On 50th anniversary, founders of Boulder’s open space program look to the future

A 1978 view of Davidson Mesa as one comes over the hill into Boulder Valley on U.S. 36. Thanks to the creation of Boulder’s Open Space, not much has changed since then.
Courtesy of City of Boulder's Open Space and Mountain Parks

On Oct. 12, 1967, City of Boulder voters made history. In approving an “open space sales tax,” Boulder became the first U.S. municipality to apply a tax specifically for the purchasing and preservation of open space. Now, 50 years later, the advocates that played vital roles in open space development look at the 45,000-acre greenbelt around the city and stress the importance of maintaining their work in the years to come.

“It’s been the most popular program we’ve ever had,” says Ruth Wright, one of the few still around to tell tales of the initial open space campaign. She remembers collaborating with the other founders — neighborly, visionary citizens who recognized the need for a greenbelt — to preserve the ecosystems in these natural areas and control urban sprawl.

“But what happens in the next 50 years?” she now wonders. “It depends on you to be vigilant.”

Development of the greenbelt and the Open Space and Mountain Parks department started through the People’s League for Action Now (PLAN), an environmental group intent on preserving Boulder’s picturesque scenery. In the early ’60s, when landowners wanted to develop Enchanted Mesa into a hotel, activists looked to the community for enough donations to meet the purchase price. This gave Boulder one of its first pieces of protected land.

By 1967, PLAN had garnered even more support, and citizens passed the sales tax allocating money for land acquisition. Hence the City’s open space program was born.

Oakleigh Thorne, another founder of the program, made a significant contribution to the sales tax campaign through his re-publishing of the Olmsted Report. Written around 1920 by Fredrick Olmsted Jr., the document advocated for a greenbelt around Boulder and provided a basis for the creation of the Open Space program.

“We should point out that this man thought of this back in 1920,” Thorne says. But it still took decades for the City to implement Olmsted’s suggestions.

“It’s important to be active and do something,” he says. “You can do all the reports, but you need to do something about it.”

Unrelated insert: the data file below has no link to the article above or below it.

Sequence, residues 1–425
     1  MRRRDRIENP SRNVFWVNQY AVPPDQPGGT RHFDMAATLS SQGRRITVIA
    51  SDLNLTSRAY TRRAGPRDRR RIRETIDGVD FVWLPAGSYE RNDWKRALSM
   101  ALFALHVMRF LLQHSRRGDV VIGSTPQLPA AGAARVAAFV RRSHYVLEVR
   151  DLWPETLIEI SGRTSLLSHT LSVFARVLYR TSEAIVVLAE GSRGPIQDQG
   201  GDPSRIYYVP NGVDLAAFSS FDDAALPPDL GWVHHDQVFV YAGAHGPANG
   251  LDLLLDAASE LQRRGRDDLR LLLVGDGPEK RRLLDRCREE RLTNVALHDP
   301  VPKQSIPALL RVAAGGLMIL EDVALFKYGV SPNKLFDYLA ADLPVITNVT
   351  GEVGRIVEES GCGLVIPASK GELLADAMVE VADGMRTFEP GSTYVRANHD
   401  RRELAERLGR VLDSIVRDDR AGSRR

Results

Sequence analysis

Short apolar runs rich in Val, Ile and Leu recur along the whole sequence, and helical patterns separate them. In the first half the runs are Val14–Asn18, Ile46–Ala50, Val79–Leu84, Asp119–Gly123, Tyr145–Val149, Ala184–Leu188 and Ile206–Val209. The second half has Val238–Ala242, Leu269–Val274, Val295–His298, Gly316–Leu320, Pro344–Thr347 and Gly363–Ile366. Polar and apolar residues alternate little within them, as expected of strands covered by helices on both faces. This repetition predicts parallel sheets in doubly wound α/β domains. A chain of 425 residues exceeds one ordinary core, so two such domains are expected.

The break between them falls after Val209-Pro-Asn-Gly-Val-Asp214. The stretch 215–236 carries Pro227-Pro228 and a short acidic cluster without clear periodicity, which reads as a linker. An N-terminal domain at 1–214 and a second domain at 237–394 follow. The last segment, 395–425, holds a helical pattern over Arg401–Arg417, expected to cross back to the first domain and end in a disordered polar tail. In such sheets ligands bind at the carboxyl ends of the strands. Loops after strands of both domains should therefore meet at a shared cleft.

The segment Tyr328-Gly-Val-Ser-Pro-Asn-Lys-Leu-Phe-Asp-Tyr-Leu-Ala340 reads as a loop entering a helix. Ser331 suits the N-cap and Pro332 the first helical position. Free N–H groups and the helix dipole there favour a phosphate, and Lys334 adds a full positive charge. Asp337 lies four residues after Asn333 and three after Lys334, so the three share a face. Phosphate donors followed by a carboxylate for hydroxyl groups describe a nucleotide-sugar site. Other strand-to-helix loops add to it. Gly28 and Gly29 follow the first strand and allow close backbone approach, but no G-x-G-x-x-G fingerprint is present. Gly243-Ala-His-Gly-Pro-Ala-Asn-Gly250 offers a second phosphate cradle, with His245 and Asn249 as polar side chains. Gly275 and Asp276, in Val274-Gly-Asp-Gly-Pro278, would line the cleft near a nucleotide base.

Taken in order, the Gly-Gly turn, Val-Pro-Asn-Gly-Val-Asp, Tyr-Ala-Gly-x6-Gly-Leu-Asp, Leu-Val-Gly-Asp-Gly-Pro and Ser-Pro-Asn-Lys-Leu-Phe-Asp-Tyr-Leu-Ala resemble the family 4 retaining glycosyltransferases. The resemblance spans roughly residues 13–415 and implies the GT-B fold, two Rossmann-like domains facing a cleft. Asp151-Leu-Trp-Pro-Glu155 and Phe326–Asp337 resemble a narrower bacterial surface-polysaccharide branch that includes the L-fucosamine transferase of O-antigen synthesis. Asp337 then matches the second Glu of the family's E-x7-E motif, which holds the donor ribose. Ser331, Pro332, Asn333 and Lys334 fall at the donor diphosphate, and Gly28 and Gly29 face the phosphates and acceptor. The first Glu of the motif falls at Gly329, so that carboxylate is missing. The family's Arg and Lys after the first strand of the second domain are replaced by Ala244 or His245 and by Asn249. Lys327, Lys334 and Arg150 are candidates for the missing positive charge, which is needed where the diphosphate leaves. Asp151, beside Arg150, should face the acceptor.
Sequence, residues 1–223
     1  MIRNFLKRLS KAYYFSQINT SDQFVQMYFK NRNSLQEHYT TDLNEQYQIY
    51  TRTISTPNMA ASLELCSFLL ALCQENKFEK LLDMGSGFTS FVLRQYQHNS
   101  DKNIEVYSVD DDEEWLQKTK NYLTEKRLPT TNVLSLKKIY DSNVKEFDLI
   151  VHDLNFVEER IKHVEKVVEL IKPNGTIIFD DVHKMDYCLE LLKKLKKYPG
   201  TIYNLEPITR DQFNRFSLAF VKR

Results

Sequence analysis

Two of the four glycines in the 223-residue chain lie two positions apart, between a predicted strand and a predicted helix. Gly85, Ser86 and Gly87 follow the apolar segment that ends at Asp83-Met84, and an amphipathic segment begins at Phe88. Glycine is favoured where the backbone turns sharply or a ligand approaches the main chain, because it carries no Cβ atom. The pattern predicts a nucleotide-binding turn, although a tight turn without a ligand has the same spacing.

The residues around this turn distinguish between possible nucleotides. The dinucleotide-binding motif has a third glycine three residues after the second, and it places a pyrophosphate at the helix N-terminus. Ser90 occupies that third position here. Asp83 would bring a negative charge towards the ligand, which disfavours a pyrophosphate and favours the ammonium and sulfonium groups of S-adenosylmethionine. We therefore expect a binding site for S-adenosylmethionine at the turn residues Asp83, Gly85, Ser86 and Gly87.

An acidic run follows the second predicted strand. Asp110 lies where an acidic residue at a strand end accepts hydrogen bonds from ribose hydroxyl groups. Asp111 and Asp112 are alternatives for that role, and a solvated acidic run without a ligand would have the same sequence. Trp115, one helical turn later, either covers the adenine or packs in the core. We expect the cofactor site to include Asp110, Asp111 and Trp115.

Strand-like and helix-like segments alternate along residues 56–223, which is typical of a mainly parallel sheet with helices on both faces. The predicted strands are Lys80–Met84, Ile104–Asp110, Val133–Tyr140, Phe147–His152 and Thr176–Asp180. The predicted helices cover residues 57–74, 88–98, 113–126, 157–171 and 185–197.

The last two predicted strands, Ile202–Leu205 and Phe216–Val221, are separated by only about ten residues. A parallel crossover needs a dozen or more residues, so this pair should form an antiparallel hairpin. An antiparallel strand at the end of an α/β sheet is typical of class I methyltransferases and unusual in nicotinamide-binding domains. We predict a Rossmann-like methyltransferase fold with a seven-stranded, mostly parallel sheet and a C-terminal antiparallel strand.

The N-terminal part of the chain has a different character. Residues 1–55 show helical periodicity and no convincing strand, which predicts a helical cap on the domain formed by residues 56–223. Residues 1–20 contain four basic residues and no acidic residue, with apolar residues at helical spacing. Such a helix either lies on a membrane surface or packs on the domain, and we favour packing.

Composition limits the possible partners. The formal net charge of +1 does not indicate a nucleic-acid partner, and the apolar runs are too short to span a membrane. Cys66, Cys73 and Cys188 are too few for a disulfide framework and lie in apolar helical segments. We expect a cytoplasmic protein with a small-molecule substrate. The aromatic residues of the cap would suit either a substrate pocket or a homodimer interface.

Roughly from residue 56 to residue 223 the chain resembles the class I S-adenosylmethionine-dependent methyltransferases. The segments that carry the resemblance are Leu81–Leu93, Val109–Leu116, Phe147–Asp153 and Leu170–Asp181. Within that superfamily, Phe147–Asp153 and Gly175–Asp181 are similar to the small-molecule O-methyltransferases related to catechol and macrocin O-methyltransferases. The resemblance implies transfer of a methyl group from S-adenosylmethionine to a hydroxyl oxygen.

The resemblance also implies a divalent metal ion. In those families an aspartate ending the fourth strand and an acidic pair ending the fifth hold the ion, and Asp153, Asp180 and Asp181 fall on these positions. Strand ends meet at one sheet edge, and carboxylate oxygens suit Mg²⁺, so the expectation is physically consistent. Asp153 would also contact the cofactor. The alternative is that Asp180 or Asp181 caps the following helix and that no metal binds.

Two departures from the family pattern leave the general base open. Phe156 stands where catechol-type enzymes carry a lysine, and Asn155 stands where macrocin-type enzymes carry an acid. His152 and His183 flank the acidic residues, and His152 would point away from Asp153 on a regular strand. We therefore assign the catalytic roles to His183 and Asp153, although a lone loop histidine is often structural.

Ever since, the tax has allowed the City to continue adding new pieces of land to the greenbelt. By 1973, advocates pushed for a separate department (Open Space and Mountain Parks) focused on purchasing and maintaining natural land, and voters have passed extensions on the tax periodically throughout the decades, most recently in 2013. With these funds, the City has acquired more than 400 properties, totaling the 45,000 acres it manages today. Currently, the greenbelt hosts both recreational and agricultural areas with regulations prioritizing the health of the ecosystems.

Hal Malde/1967

While the open space program thrives from the continued support of Boulder residents, it suffers challenges from population growth in and around the city. As more and more people use open space, the demand for new recreational opportunities grows.

“Things were going on pretty well, but more pressure started five years ago in the recreational community,” Wright says. “It’s been more intense recreation, and if it does damage to our precious lands… that’s the major threat that I see.”

Recent data shows that Boulder’s population grows by 10 new residents each day. As for open space, a decade-old visitation survey estimates 5.3 million people visit the 150 miles of trails each year, with the demand almost certainly increasing annually.

This makes managing visitors tricky. Where recreational areas like Chautauqua allow for many visitors, habitat conservation areas allow very little to no recreational use and require the most amount of preservation.

“We’ve had people doing what they wanted on open space for 20 years,” Wright says. “Now we’re starting to restrict it because of population pressure and now there’s friction.”

Allyn Feinberg, the current president of PLAN, says demands by the community to put more trails in these habitat conservation areas have risen.

“I can see a lot of push to put a lot of trails and access in those areas,” Feinberg says. “To some extent you have to respond to the public, and to do that may change a lot of management plans that the open space department has.”

But the anniversary serves as a way to bring the community together, despite the current management challenges, she says. It’s a “launching pad for people to start thinking about the next 50 years.”

Phillip Yates, spokesman for City of Boulder Open Space and Mountain Parks, says the future of open space depends on interpreting the plans laid out by the founders as well as incorporating current community input.

“We’re working to develop a community engagement plan,” Yates says. “We want to hear their stories so they can shape the master plan.”

The next step in developing a new plan will be shifting focus from acquiring land to land stewardship. According to Yates, maintaining the founders’ work is vital in continuing their legacy.

Wright, Thorne and others worked to establish open space with the motto: “Greenbelts are for children and their children and their children.”

It’s an idea that remains the primary goal as the open space program celebrates its 50th year.


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